How does it work?
State Administrative Agencies (SAAs) are the applicants, responsible for applying and administering the federal NSGP program on behalf of the nonprofit grantees. You must apply through your respective SAA for grant funding. A state’s SAA is usually a state’s Department of Homeland Security or Emergency Management Agency, but it is critical to check your state to be sure.
Your SAA will score and rank your application and then submit it to the Federal Emergency Management Agency (FEMA). FEMA will review the submission further and the Secretary of Homeland Security will make the final award determination.
Once funding is awarded, your SAA distributes it on a reimbursement basis. In other words, you must cover, supply, and provide proof of having paid the upfront approved costs, to be reimbursed. But the grant will not cover expenses incurred prior to application approval. It is our plan to have loan funds available for those agencies that cannot afford the up front costs of the security improvements.
Sound complicated? Don’t worry. We’re here to help. Get in touch with us at firstname.lastname@example.org.
How much can you apply for?
You can apply for up to $150,000 per award. Your State Administrative Agency (SAA) may set a lower cap in its jurisdiction at its discretion. If the SAA chooses to lower the cap in its jurisdiction, it will be included in its local application guidance.
How can you use the funds?
You’re allowed to use the funds for the following:
Physical improvements to your organization’s building or property to make it more difficult or unattractive to target – “target hardening,” as we mentioned earlier. Target hardening is limited to the acquisition and installation of security equipment and inspection and screening systems. This can include: ensuring that all doors and windows can resist forcible and surreptitious intruder attack, adding barriers such as fences and bollards, or making other enhancements that make it harder for a vehicle or a pedestrian to intrude. You can get a detailed list of both accepted security equipment and target hardening measures (limited to Categories 14 and 15 of FEMA’s Approved Equipment List) here.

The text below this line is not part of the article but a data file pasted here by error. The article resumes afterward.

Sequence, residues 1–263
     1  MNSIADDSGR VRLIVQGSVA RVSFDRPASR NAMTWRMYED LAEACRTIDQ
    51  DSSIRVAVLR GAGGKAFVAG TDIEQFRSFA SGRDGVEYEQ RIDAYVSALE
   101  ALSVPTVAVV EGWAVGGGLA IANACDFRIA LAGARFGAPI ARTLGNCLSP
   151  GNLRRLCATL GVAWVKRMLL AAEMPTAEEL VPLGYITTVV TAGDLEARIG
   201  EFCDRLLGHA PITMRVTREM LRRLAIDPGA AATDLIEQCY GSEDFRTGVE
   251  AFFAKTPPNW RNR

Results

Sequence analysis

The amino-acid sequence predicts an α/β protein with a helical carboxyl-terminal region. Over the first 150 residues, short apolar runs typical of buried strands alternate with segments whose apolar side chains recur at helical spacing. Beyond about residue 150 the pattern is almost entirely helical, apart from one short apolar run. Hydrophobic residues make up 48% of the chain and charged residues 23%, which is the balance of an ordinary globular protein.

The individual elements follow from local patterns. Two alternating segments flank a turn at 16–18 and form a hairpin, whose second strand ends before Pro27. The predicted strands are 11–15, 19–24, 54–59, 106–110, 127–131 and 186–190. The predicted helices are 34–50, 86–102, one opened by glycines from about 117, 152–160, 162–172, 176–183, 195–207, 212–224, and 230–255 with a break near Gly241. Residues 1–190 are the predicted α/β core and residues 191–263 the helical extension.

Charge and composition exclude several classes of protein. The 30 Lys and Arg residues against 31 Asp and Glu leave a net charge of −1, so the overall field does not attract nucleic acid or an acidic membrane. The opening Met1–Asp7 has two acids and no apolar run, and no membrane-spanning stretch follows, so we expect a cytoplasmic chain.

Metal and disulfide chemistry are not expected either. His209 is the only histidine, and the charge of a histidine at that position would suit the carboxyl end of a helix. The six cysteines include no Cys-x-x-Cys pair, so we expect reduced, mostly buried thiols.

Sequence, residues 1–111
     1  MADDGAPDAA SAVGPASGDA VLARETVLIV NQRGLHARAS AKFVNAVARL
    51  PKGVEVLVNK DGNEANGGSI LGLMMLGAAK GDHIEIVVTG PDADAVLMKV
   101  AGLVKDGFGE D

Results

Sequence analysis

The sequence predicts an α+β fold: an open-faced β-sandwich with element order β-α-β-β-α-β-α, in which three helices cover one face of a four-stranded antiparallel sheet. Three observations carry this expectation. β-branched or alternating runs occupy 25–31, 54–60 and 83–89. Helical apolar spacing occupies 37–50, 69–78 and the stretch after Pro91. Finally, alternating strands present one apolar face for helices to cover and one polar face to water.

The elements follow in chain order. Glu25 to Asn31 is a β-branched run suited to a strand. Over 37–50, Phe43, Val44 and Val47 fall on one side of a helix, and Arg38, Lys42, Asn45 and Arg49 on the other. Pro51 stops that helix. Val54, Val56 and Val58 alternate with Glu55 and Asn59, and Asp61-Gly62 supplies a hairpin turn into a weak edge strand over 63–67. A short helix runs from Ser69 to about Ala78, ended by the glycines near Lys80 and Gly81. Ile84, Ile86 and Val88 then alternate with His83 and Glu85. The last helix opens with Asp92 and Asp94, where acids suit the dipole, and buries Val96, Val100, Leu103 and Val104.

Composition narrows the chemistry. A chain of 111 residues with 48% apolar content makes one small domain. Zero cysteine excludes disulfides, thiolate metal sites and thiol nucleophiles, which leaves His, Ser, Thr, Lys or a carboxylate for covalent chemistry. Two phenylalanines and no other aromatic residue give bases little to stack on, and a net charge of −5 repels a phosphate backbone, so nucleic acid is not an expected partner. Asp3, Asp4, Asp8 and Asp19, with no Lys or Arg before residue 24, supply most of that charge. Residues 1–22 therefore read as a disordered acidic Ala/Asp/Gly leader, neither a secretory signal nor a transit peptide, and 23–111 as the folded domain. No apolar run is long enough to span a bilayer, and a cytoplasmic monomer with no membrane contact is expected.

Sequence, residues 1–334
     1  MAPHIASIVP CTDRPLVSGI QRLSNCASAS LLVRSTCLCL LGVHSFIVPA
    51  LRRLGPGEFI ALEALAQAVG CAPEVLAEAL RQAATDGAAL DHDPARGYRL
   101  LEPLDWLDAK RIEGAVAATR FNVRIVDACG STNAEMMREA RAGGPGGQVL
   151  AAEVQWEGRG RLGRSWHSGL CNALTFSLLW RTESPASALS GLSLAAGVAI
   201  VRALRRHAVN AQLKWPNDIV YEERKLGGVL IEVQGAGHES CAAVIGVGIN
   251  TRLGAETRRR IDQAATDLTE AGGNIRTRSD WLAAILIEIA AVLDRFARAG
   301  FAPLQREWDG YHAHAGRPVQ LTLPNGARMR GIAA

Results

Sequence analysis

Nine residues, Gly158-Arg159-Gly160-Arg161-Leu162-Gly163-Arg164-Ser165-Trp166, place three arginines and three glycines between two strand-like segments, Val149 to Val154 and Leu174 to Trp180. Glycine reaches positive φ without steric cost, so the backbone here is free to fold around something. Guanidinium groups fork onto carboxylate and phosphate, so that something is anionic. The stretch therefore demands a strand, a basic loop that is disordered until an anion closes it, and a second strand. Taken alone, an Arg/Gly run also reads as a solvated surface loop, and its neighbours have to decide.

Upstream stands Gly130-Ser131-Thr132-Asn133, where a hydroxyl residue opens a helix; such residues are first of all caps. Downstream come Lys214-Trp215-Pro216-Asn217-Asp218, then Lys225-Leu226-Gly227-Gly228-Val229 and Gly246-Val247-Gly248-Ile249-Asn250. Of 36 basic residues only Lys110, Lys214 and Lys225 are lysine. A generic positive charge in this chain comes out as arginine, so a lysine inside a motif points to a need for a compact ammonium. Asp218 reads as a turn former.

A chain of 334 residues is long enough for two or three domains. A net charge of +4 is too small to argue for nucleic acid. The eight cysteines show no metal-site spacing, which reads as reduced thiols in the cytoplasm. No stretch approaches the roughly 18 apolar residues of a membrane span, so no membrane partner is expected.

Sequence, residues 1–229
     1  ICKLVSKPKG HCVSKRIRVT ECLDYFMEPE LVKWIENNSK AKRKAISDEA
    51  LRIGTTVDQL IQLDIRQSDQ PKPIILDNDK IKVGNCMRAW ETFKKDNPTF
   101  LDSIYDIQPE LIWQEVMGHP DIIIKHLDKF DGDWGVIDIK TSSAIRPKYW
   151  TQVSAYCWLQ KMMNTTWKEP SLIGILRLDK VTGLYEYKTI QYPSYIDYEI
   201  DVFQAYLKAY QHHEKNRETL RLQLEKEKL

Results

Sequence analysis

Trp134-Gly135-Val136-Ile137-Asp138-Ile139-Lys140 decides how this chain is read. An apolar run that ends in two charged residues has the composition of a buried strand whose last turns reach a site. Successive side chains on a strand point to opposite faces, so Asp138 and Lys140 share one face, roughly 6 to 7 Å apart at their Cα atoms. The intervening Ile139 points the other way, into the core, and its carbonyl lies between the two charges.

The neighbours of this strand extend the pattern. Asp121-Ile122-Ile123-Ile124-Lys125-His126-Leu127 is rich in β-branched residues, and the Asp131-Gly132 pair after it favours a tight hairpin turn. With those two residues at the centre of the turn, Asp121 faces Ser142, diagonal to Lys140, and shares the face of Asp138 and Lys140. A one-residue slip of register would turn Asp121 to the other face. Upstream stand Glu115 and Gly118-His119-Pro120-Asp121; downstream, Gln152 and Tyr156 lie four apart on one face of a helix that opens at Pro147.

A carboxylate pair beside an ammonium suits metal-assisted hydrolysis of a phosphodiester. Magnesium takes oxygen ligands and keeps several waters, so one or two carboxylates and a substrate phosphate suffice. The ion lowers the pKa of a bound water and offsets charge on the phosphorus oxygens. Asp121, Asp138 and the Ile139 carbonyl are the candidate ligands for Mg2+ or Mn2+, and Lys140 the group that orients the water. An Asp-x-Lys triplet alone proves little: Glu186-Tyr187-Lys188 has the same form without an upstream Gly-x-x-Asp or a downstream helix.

Security and emergency planning expenses that are directly related to the protection of your facility and the people within.
Conducting security-related exercises that enable your organization to evaluate security plans, procedures, and capabilities and to assess progress toward meeting your goals in a controlled, low-risk setting.
Security-related training (held within the U.S.), which includes attendee costs and corresponding expenses (materials, supplies, etc.) for your employed or volunteer staff. Funding also covers your organization’s onsite security training for employees, congregants, and members.
Accepted training topics are limited to the protection of critical infrastructure, including physical and cybersecurity, target hardening, and terrorism awareness/employee preparedness, including programs such as Community Emergency Response Team training, Active Shooter training, and emergency first aid training.
Hiring contracted security personnel (or off-duty police) is also a permissible cost. Applicants for this investment are required to submit a plan that explains how contracted security personnel costs will be sustained after the funding or period of performance of the award expires. The funding may not be used to underwrite existing security contracts and may not be used to purchase equipment for contracted security personnel.
Requirements and perspectives regarding security hiring can vary from state to state, so be sure to check with your SAA before making this investment.